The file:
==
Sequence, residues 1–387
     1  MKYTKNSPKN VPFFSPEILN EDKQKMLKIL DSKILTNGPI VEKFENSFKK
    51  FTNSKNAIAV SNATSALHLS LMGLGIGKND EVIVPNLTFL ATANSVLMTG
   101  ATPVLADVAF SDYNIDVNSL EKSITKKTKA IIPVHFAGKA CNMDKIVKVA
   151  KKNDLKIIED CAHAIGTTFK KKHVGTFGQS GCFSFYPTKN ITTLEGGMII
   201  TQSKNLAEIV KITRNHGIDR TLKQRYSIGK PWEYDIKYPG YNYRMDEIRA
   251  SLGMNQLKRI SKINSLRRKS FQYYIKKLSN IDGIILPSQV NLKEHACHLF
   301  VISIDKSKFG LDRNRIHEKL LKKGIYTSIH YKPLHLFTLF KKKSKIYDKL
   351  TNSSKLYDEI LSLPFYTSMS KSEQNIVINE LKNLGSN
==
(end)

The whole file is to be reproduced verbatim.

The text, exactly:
Sequence, residues 1–387
     1  MKYTKNSPKN VPFFSPEILN EDKQKMLKIL DSKILTNGPI VEKFENSFKK
    51  FTNSKNAIAV SNATSALHLS LMGLGIGKND EVIVPNLTFL ATANSVLMTG
   101  ATPVLADVAF SDYNIDVNSL EKSITKKTKA IIPVHFAGKA CNMDKIVKVA
   151  KKNDLKIIED CAHAIGTTFK KKHVGTFGQS GCFSFYPTKN ITTLEGGMII
   201  TQSKNLAEIV KITRNHGIDR TLKQRYSIGK PWEYDIKYPG YNYRMDEIRA
   251  SLGMNQLKRI SKINSLRRKS FQYYIKKLSN IDGIILPSQV NLKEHACHLF
   301  VISIDKSKFG LDRNRIHEKL LKKGIYTSIH YKPLHLFTLF KKKSKIYDKL
   351  TNSSKLYDEI LSLPFYTSMS KSEQNIVINE LKNLGSN